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Delhi University judgment on marks deduction unfair: CBSE

Jun 6, 2014 16:33 IST

    CBSE has illustrated as "discriminatory" and "unfair" Delhi University's pronouncement to deduct 2.5% from the aggregate marks of those students of the 4 year under-graduate course who had chosen Informatics Practices as an optional subject in their class XII examinations.

    Taking sturdy exception to the DU rules for admission into under-graduate programme, CBSE has sought assessment of the decision & accord same advantage to those who had chosen Informatics Practices. In its admission procedures, Delhi University has stated that the students who had preferred Informatics Practices in class XII tend to lose 2.5 % from the percentage aggregate marks for admittance into FYUP.

    In a note to Delhi University Vice Chancellor Dinesh Singh, Vineet Joshi, the chairman of CBSE asked the university to analyze the decision saying a great number of students will be at detrimental position in the admission procedure as they have become sentient of the pronouncement at a very "late stage".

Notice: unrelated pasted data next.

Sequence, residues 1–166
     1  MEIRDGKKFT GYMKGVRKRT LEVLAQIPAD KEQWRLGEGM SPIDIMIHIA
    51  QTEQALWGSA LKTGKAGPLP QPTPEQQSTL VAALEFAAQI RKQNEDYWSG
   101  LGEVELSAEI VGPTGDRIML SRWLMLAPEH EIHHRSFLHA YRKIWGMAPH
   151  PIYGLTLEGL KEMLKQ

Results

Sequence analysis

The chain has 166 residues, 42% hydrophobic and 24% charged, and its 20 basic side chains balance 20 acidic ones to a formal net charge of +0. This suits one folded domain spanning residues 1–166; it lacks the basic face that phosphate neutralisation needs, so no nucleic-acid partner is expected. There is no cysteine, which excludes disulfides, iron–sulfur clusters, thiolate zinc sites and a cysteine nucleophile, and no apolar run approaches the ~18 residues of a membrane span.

Vineet Joshi stated CBSE treats all the courses of computer stream such as Informatics Practices and Computer Science on par with optional subjects.

    "In this respect, CBSE would like to convey its concern that it would be really unjustified, discriminatory and unfair for students who have studied Informatics Practices in place of Computer Science to be put at a disadvantage by reducing 2.5 % marks from the percentage aggregate marks," Vineet Joshi said. Seeking analysis of the judgment by the University, the chairman of CBSE also recommended that a team of experts may be asked to inspect contents of both the courses.

    "In absence of any inequity by the CBSE between these courses, it is essential that the course contents may gently be scrutinized by a team of experts & both the courses may please be treated at par so that students who have opted for Informatics Practices are not against at the time of admission," he stated. Vineet Joshi state that such a rule did not subsist when the students opt the subject. "Academically & administratively, this seems like a gross unfairness.


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